What is the stock market?
The stock market is a basket of stocks offered for trade in a public marketplace. Companies raise money on the stock market by selling ownership stakes to investors. These equity stakes are known as shares of stock. By listing shares for sale on stock exchanges, companies get access to the capital they need to operate and expand their businesses without having to take on debt. In the U.S. there are accounting rules for how companies operate and report earnings and distribute income.
What is a dividend?
A dividend is a reward paid to shareholders for their investment in a company's stock. A dividend usually originates from the company's net profits and is usually paid to shareholders every three months or quarters. A dividend is paid per share of stock, approved by a company board of directors.
What is compound investing?
Compounding is a powerful investing concept. It means earning returns on both your original investment and on payouts that are reinvested in more shares of the company or mutual fund.
You continue to receive returns (dividends) if you own the stock. For compounding to work, you must reinvest your returns back into more stock allowing your investment to grow.
Time is on the side of long-term investors.
Example: You start investing in U.S markets at $100 a month while in your 20s. Your average positive return is 12 percent annually, compounded for 40 years. You end up with a $1.17 million nest egg.
A friend, however, doesn’t begin investing until 30 years later at a rate of $1,000 a month for 10 years, averaging the same positive return. The friend will have just $230,000 in savings for retirement at 65. It is essential to get STARTED EARLY.
What does history tell us about American stock markets?
History shows us that stock markets are cyclical with repeated patterns of highs and lows. American stock markets have been around since the late 1700s and early 1800s. From 1871 until 2022, U.S. stocks have increased at 4.6 percent a year in value EXCLUDING dividends. If you add in dividend reinvestment, markets have grown annually about 9.1 percent a year.
What is inflation?
Inflation is the rate of increase in prices of a basketful of consumer goods over time. Inflation eats into savings and incomes by decreasing the purchasing power of money. To cool off inflation (rising prices), the Federal Reserve Bank raises lending interest rates to slow the economy. Ideally inflation runs at about 2 percent a year.
What is a mutual fund?
Mutual funds let you pool money with other investors to mutually buy stocks, bonds, and other investments. They are run by professional money managers who decide which securities (stocks, bonds etc.) to buy and when to sell them. Those are actively traded funds and usually have a higher management fee.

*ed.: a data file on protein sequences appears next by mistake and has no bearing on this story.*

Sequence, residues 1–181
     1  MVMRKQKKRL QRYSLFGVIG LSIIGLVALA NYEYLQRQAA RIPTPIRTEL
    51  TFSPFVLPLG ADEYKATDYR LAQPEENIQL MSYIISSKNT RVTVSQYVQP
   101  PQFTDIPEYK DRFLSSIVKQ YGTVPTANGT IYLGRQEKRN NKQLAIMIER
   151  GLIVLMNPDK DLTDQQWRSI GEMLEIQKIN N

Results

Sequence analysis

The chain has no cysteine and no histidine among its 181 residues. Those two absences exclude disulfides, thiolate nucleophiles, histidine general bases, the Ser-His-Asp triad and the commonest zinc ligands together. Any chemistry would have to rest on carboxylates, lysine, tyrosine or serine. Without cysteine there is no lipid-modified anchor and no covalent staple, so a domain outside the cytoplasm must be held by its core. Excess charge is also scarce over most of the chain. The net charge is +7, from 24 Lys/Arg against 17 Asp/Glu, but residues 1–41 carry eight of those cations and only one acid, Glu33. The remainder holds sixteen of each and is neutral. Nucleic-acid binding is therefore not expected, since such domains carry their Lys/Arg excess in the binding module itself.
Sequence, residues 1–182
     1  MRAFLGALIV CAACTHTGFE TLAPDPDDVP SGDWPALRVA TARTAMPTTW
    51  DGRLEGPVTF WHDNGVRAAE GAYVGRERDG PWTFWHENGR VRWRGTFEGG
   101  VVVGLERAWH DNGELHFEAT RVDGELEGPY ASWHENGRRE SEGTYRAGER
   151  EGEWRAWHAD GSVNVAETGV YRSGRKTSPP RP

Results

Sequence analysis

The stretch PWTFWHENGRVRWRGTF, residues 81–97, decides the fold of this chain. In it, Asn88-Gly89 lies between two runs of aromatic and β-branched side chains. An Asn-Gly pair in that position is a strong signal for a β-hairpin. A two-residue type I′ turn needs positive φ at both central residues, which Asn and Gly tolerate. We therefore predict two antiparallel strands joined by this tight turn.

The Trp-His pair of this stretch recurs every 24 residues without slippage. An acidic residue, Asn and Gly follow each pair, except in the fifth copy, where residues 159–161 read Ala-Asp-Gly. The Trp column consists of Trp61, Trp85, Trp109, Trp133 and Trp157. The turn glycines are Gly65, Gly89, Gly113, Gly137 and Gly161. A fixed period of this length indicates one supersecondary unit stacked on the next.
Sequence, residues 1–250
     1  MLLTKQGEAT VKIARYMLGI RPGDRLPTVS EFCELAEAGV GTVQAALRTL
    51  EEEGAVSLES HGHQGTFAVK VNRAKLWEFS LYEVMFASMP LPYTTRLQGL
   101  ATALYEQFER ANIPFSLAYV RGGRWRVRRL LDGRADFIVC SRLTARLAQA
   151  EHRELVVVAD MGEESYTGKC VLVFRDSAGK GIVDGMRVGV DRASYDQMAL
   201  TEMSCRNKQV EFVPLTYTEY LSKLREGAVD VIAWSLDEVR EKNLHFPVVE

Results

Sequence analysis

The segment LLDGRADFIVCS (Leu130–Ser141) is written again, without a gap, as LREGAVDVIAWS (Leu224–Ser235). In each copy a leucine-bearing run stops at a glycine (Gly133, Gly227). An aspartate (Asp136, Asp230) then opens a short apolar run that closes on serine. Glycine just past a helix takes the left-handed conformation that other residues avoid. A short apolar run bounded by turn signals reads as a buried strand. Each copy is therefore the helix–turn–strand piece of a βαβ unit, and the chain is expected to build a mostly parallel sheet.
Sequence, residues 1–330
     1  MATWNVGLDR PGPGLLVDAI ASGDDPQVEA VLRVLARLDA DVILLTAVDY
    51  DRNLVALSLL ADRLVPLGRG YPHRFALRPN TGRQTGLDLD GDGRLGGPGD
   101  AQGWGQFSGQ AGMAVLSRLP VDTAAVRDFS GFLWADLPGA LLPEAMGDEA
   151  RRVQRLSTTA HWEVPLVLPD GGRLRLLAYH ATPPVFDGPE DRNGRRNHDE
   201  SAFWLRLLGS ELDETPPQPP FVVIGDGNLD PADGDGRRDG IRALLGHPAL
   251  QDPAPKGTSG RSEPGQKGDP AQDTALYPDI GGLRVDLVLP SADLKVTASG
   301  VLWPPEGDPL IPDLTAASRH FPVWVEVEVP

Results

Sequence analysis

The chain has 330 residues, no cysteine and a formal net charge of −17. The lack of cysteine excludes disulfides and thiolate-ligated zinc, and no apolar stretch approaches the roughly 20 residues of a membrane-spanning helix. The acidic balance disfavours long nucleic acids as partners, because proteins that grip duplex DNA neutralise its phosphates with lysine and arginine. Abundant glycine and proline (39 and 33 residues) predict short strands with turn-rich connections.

Other “index” mutual funds are passive funds that just follow a group of stocks up and down based on the performance of those stocks or bonds etc. Fees are lower because management is minimal.
What is a bond?
A bond is simply when you buy part of a debt. A bond is a loan made to a company or a government that can be traded on the stock market. Examples are bonds issued by school districts to build a new school building or a bond issued by a city or port district to build a road or a new warehouse. Investing in bonds is a more conservative way to invest your money:
You usually invest your money for a limited amount of time.
When the loan (bond) expires you receive back the initial amount you invested. Plus, you receive interest income on the investment.
WARNING: When interest rates are going up as they did in 2022, the value of a bond fund typically goes down. That is because no one wants to buy a bond paying a lower interest rate when they can buy a new bond with a higher interest rate.
The difference between stock shares and bonds? Bonds raise money via debt, stock shares raise money by giving investors a stake in the company’s business operation. Investors are rewarded with dividends.
Bonds pay interest. Bonds are offered with a time window, typically six months, nine months, a year, two years. You know when they will “come due.” Shares pay dividends that continue until you sell the shares or the company board of directors changes the dividend payout.
What is an EXPENSE RATIO?
An expense ratio measures how much of a fund’s assets are used for administrative and other operating costs. An expense ratio is calculated as a percent of your fund assets. Operating expenses reduce the fund’s assets, thereby reducing the return to investors over time. It can be a big factor in how much you can save and invest for retirement over time.
Fidelity’s Contrafund is actively managed and has an expense ratio of 0.86 percent. That means for every $10,000 invested in the fund, Fidelity charges $86 dollars a year.
Vanguard has a passively managed fund that replicates the S&P 500. No one is managing this fund which just goes up and down with the shares in the S&P 500. The expense ratio on this fund is 0.03 percent, which means Vanguard charges just $3 per year.
Ideally, investors are looking for funds that charge 1 percent or less per year.
Is NOW (spring 2023) a good time to invest?
Yes, especially if you are young. Start now, stick with a plan. Ignore short-term market gyrations. Put as much as you can into deferred tax plans such as a 401(k), Individual Retirement Account or a Roth Individual Retirement Account – LET THE EARNINGS REINVEST OVER TIME TO BUILD A NEST EGG.
But let’s be REAL. With rising interest rates because of inflation, we may be in for slower U.S. and global economic growth, ups and downs in stock markets and more complicated challenges for investors. Ignore all this.
Why do we need to invest, not just save?
It is one thing to SAVE MONEY and another thing to INVEST MONEY. You can save money out of your paycheck, put it in a savings account at the bank for a rainy day. Investing requires more than that.
To have enough money to retire comfortably you will need to be not just a SAVER, but an INVESTOR. That means putting your long-term savings in U.S. stocks and bonds and bank certificates that will generate income over time. The earnings from those investments must be reinvested in a tax-deferred account…. usually through a workplace savings plan like a 401k or on your own with an Individual Retirement Account or Roth Individual Retirement Account.
Over 25 or 30 years the compound reinvested earnings will build a retirement NEST EGG. The sooner you get started investing and reinvesting those earnings, the better. Don’t wait until your 30s or 40s. That makes it so much harder to get where you need to be financially.
In recent Smart Money YouTube episodes, we have covered the basics. Click here.